- Bcc:This stands for "blind carbon copy." List email addresses here to have copies of the email sent to these addresseswithout anyone else knowing.In other words, people listed under the Bcc: will get the email, but won't appear on other recipients' copies.
- In Gmail, when you click the "To" field, buttons for "Cc" and "Bcc" will appear in the top right corner.
Give your email a subject.Under the "Subject" header, write a brief description of your email. You don'thaveto do this, but it's nice to give your recipient some idea of what they're about to read.
- It's common to use the abbreviation "re:" here. For instance, if you're emailing a customer about a refund request, you might give your email the subject "re: Refund request."
Optionally, add an attachment to your email.Just like letters aren't the only thing you can send in the mail, text isn't the only thing you can say with email. You can send pictures, spreadsheets, slideshows, and much more with your email account — basically, if you can find it on your computer, you can usually send it. To add an attachment, most email services have an "Add attachment" option or else an icon that looks like a paper clip.
- On Gmail, the attachment button is the small paper clip button at the bottom of the email box. To attach a file, click this, then locate the file on your computer that you want to attach and click "Open" or "OK" to attach it. You may proceed to send your email normally after this.
- Note that most email services have limits to the size of the attachment you can use. For Gmail, this is 25 megabytes, though you can get much more if you use Google Drive.
Give your email a final once-over and send it!When your email is written and you've filled out all of the necessary fields, it's ready to be sent. Usually, the button for sending an email says "Send" or looks like an envelope with an arrow extending from it.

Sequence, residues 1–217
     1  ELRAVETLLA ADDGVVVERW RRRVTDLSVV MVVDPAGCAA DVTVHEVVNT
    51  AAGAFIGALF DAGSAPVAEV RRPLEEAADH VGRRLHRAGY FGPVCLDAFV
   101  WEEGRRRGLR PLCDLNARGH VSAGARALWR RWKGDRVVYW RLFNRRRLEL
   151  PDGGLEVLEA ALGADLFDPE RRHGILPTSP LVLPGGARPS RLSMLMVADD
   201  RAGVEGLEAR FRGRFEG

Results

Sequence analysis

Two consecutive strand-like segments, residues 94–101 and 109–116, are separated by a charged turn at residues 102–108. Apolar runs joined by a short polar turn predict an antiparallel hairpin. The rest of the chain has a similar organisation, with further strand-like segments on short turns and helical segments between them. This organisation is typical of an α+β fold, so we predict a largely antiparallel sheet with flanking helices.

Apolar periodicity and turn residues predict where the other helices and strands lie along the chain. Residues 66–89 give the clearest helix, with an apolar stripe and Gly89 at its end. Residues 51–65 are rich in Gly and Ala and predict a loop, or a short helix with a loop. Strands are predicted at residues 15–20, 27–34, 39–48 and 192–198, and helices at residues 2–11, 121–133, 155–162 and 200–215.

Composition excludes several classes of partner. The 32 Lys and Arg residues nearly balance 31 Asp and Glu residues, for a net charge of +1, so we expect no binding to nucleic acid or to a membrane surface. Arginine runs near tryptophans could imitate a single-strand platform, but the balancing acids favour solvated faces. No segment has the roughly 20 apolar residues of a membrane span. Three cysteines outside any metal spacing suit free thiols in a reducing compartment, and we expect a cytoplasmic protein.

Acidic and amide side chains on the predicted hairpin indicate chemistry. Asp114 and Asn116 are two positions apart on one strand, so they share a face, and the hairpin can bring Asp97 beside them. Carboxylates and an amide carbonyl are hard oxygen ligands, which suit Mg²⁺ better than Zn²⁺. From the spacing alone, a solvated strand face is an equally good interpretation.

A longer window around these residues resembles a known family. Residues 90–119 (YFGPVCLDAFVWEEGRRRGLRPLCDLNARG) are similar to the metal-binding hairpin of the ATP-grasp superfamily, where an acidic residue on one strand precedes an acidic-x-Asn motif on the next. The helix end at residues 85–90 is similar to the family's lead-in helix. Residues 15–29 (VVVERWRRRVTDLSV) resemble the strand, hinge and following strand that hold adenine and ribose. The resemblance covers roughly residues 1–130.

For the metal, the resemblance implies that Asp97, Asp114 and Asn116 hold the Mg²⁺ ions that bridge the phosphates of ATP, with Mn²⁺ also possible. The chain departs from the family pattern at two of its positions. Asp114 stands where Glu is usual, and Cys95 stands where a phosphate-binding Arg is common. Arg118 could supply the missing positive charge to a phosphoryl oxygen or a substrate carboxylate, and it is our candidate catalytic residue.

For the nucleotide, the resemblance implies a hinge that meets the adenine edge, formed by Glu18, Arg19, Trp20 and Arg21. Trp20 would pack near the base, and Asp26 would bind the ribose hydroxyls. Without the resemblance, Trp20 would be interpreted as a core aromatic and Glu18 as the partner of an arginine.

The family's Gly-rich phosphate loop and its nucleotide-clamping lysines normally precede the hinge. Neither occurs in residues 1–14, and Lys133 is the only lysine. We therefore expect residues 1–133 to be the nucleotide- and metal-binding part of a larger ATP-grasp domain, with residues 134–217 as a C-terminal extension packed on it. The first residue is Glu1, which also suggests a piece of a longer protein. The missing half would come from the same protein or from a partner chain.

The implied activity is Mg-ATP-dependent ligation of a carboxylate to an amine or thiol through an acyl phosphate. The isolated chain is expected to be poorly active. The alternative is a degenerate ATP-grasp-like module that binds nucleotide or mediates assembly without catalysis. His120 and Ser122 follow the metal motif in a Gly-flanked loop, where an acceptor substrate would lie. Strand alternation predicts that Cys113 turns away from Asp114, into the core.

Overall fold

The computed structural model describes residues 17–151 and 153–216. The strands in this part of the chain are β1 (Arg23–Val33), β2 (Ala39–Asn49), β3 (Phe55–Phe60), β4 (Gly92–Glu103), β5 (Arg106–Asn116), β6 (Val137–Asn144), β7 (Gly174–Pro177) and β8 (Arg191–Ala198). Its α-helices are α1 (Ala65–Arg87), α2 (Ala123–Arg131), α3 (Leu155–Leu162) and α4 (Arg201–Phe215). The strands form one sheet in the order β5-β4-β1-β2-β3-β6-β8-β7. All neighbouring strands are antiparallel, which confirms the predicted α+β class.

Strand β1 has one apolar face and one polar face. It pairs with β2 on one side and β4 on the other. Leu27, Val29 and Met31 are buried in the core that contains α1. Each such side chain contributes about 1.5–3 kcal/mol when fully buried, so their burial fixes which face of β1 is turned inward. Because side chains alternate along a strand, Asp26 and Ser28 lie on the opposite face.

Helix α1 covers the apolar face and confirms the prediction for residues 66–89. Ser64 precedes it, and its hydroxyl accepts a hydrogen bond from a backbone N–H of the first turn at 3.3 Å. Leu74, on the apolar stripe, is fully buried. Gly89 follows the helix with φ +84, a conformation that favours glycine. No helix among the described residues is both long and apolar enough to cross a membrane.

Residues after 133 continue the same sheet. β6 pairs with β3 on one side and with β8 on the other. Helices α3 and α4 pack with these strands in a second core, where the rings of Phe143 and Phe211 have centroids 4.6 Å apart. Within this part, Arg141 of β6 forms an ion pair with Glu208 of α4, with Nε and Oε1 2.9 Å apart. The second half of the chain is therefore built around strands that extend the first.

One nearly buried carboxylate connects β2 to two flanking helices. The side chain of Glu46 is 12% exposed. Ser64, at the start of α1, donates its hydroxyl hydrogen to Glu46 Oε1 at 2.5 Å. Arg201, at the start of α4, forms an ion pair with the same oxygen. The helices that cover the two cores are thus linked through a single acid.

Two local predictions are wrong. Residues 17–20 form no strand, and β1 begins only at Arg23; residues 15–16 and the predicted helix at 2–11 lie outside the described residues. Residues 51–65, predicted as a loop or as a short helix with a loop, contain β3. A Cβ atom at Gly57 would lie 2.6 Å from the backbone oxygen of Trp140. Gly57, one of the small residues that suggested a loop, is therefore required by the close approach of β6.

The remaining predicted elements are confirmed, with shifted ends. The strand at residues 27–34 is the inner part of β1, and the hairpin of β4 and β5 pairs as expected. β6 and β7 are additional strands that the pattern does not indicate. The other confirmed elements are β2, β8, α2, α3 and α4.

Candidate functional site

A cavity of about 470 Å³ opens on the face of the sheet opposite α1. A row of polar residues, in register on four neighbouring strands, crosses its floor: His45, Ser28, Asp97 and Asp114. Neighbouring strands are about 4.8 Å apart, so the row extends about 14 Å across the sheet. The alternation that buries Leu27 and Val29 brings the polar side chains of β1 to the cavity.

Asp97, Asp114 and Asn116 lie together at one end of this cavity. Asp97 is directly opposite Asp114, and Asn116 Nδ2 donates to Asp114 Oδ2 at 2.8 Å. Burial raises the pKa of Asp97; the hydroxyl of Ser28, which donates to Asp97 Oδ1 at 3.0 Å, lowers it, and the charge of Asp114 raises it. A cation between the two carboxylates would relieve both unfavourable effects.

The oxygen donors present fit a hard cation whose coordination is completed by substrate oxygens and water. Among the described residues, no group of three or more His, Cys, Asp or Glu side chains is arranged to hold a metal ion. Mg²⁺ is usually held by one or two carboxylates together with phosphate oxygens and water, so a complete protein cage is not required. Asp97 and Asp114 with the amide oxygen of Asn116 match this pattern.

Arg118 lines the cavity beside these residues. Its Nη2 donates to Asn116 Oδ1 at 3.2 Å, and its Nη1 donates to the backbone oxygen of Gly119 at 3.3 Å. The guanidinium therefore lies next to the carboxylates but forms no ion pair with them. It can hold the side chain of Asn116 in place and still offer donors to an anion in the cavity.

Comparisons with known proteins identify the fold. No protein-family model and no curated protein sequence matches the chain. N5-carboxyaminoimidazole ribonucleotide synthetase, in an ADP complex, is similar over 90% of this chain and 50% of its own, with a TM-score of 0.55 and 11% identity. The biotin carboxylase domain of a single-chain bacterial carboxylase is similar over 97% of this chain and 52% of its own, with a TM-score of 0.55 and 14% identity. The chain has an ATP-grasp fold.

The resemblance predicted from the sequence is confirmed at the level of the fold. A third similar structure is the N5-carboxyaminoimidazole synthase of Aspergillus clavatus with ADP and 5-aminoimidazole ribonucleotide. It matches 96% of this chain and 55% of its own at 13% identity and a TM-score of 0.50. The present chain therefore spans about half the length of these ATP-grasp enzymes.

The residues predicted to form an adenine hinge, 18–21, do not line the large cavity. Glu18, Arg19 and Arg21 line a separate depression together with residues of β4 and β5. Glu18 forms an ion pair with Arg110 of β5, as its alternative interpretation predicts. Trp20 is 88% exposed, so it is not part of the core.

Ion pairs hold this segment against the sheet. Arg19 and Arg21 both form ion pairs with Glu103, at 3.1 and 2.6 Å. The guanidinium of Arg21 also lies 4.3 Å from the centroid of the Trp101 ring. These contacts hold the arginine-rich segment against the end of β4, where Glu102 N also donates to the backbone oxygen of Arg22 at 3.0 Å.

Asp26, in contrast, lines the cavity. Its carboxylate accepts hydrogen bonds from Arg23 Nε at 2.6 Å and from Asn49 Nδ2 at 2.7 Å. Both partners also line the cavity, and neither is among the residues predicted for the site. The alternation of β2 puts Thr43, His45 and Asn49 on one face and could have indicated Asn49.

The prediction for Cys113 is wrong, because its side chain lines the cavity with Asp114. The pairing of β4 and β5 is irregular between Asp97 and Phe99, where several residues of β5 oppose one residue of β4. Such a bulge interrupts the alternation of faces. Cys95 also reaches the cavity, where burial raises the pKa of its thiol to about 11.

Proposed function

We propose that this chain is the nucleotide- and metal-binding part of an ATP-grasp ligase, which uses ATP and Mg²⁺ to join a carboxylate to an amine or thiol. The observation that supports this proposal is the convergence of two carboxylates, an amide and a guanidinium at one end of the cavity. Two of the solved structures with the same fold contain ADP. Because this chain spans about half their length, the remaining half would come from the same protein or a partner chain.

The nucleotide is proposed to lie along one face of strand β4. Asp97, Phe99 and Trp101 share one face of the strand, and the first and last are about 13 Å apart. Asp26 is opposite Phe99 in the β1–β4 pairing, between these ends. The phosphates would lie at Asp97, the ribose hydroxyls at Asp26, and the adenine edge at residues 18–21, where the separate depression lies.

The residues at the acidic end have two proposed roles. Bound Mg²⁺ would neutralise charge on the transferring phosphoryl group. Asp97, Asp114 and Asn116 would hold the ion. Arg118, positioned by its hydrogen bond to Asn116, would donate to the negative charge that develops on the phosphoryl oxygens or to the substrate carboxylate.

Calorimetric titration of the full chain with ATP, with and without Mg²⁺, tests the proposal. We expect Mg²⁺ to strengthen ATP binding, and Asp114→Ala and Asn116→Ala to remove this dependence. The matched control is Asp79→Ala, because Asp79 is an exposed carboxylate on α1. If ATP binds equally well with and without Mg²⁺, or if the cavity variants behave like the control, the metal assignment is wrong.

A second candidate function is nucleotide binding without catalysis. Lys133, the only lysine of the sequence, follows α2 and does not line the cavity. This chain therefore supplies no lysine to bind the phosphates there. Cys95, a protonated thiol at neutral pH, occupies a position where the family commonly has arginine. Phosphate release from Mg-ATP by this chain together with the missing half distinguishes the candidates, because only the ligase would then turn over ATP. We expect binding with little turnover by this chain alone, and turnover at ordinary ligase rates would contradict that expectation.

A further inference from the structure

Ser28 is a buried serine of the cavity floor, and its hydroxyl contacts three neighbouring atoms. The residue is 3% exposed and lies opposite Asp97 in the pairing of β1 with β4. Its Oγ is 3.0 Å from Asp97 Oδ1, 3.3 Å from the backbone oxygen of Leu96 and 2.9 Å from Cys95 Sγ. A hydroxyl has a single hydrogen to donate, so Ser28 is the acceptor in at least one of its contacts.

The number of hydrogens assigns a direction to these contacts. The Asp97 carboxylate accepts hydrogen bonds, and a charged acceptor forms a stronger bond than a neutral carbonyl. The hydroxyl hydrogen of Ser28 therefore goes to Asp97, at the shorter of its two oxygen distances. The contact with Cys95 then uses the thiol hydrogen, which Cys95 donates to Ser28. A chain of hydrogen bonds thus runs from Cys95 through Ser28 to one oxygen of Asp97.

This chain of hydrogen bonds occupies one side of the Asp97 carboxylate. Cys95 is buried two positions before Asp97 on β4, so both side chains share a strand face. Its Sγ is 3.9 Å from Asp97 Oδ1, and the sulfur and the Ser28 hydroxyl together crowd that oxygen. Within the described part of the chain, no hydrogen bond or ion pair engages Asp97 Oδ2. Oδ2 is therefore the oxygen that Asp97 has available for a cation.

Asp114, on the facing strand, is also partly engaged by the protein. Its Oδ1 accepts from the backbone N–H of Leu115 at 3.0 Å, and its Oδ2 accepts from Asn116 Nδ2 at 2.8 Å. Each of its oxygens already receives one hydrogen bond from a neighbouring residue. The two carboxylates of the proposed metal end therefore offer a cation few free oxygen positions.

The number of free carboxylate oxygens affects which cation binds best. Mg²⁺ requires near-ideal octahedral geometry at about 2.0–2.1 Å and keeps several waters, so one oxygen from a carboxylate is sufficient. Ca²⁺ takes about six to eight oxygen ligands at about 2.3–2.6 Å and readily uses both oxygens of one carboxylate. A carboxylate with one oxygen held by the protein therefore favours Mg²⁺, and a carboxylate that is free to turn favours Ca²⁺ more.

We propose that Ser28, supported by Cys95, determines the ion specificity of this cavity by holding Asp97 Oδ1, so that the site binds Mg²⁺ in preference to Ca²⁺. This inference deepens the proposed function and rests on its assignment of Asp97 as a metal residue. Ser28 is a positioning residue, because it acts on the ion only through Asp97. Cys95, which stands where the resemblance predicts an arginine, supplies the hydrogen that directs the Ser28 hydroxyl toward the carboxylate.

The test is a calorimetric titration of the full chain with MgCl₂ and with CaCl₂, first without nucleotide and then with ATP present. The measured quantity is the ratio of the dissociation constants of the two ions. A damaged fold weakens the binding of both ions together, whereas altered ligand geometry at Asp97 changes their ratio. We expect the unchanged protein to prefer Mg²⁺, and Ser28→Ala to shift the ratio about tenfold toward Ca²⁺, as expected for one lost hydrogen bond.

- In Gmail, the button you're looking for is the blue "Send" button in the bottom left corner.
- After you send your email, your message will appear in the recipient's inbox (usually within a minute or two).
- Believe it or not, academics and professionals have actual spent time analyzing what makes a truly "great" email. Click for an in-depth look at this subject.
- Business and professional emails tend to be a little more formal than ordinary correspondence between friends and family members. See our article on writing formal emails for specific composition tips. You may also like How to Write Business Emails.
- Can't find what you're looking for above? Check out our selection of email and instant messaging articles for a wide variety of articles on electronic communication topics.
- Don't include personal information in your emails (like your address, phone number, Social Security number, etc.) unless you're e-mailing someone that you absolutely trust. Once you send your e-mail you have no control over what your recipient does with it.
Video: How To Create Email ID In Android Phone / एंड्राइड फोन में ईमेल आईडी कैसे बनाते है